A former Apple executive believes the European Central Bank might just be paying lip service to the concept of privacy in relation to a digital euro.
In an April speech to the European Union Committee on Economic and Monetary Affairs, European Central Bank board member Fabio Panetta emphasized the importance of privacy in any potential future CBDC rollout.
Over 8,000 individuals and companies were polled during the ECB’s public consultation on the prospect of a digital euro. The most common concern expressed in response to the issuance of a central bank digital currency is privacy.
With 43 percent of respondents citing privacy as a key requirement, Panetta announced that the digital euro should meet certain expectations without compromising protection.
Other survey responses centered on the need for a digital euro to provide stable payments (18%), while others focused on cross-border payments within the European Union (11 percent ). Some respondents (9%) emphasized the importance of low fees and the opportunity to use the system even when it is offline (8 percent ).
“As I have already mentioned, privacy emerges as the most important feature of a digital euro. Protecting users’ personal data and ensuring a high level of confidentiality will therefore be a priority in our work,” said Panetta.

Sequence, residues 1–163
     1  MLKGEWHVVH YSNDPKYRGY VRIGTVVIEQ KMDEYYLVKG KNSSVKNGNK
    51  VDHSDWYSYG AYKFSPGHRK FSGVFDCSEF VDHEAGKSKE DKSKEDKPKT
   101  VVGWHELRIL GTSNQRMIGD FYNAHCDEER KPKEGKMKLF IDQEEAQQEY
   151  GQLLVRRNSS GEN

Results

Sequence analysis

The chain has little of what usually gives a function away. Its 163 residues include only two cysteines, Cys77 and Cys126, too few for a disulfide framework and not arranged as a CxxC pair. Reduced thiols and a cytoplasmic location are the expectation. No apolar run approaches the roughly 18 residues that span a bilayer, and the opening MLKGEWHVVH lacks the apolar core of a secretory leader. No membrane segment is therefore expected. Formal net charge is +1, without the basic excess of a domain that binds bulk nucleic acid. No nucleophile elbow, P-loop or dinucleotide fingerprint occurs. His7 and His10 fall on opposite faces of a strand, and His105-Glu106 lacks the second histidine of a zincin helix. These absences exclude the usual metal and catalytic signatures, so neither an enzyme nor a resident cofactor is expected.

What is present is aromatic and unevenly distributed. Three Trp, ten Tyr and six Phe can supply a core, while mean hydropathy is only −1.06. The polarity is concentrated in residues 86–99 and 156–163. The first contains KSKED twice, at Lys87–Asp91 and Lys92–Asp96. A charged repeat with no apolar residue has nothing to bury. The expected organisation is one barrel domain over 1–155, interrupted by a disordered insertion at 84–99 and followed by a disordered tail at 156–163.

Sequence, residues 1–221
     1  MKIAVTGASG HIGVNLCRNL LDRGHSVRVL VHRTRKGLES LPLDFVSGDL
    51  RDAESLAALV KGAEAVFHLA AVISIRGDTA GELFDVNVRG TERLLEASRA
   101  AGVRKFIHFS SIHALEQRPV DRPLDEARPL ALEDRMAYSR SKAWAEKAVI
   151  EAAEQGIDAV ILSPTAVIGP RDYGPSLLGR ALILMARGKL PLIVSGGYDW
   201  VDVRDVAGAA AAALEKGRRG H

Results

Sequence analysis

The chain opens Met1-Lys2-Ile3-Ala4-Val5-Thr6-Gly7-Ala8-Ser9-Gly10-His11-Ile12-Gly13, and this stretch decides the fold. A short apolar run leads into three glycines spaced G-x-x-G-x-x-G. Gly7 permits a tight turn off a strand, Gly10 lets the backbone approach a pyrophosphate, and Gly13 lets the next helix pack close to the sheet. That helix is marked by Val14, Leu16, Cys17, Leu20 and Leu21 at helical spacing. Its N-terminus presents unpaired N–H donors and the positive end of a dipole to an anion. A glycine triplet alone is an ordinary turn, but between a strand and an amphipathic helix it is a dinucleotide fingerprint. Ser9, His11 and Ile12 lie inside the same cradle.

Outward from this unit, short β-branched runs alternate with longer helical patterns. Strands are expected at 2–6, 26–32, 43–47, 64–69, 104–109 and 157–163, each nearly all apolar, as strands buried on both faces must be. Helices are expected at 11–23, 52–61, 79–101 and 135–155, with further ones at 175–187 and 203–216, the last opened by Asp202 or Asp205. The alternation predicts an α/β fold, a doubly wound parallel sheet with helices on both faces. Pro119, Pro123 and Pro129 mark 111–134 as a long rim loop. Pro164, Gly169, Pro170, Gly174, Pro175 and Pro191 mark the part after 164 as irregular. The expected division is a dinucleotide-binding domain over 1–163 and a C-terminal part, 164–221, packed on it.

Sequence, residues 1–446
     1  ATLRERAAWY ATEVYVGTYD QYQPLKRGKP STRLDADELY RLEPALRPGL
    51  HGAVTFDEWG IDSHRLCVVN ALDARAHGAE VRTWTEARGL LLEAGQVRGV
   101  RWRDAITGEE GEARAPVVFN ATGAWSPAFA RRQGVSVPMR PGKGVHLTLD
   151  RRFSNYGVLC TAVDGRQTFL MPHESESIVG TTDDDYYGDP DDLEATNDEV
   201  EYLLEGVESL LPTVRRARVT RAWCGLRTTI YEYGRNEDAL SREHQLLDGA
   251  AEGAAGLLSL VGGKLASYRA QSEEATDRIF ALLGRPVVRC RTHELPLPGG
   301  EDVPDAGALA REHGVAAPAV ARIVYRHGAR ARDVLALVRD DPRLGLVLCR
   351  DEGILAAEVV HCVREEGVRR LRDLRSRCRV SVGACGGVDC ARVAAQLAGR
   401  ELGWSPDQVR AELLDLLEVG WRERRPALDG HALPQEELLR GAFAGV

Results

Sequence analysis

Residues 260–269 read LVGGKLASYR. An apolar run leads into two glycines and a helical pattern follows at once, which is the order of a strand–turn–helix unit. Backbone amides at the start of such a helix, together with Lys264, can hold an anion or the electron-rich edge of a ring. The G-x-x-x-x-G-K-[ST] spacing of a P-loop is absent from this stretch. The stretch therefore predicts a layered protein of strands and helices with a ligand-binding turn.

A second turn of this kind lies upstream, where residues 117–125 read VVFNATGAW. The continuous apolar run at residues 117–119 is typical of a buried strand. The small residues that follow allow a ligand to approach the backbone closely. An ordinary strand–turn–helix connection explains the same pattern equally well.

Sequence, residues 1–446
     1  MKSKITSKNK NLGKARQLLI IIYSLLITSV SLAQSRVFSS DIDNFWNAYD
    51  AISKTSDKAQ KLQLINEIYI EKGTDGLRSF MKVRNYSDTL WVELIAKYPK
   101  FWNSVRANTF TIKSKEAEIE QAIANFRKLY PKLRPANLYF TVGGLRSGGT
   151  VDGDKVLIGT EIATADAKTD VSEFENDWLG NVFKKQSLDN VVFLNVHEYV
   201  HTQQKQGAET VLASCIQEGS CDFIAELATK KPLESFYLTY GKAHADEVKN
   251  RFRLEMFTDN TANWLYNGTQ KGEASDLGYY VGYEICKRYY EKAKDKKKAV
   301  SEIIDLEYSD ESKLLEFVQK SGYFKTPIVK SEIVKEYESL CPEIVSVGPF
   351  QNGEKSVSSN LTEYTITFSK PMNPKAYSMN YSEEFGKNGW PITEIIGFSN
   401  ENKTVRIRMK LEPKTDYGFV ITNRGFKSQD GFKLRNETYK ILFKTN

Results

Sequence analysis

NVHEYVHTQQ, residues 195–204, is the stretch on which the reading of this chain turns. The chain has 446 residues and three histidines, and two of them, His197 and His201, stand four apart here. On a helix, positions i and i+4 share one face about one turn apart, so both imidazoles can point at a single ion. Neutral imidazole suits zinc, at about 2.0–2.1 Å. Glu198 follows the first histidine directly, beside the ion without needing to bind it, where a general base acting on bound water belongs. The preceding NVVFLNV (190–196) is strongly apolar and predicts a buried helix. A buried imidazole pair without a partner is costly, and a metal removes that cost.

Indeed, the ECB has been researching privacy-enhancing strategies even before the idea of a digital euro was even conceived. According to preliminary studies, a digital framework may still be monitored for illegal activity while maintaining transparency and privacy.
However, while the ECB seems to be making all the right noises about a possible CBDC rollout, not everybody is convinced that the end result will be so positive.
Anne Fauvre-Willis, a former Apple product manager who is now the chief operating officer of Oasis Labs, stated that the EU has historically been receptive to the idea of customer privacy. However, if the digital euro is issued on a centralized basis, this would be meaningless.
“The EU has a strong track record in terms of customer privacy, but it’s still a centralized system,” Fauvre-Willis told Cointelegraph, adding, “Rather than allowing this through a centralized bank, why not allow a decentralized protocol to do this instead?”
If a digital euro were to be distributed on the Ethereum blockchain, it would have the same degree of decentralization and sovereignty as Ether (ETH) and any other token issued on the Ethereum blockchain.
However, it is highly unlikely that a central bank will hand over complete control of its money supply to a decentralized network.
“In regards to people adopting the digital euro, unfortunately I think ease will win over privacy alone,” said Fauvre-Willis.
“Privacy is a feature but it’s not enough to drive people on its own to change their behavior. Instead for those of us who really believe in privacy we have to simultaneously strive to make compelling and life changing products and as we do we need to put privacy at the center of what we make,” she added.
The ECB is also investigating the possibility of a digital euro, with a final decision anticipated by summer 2021.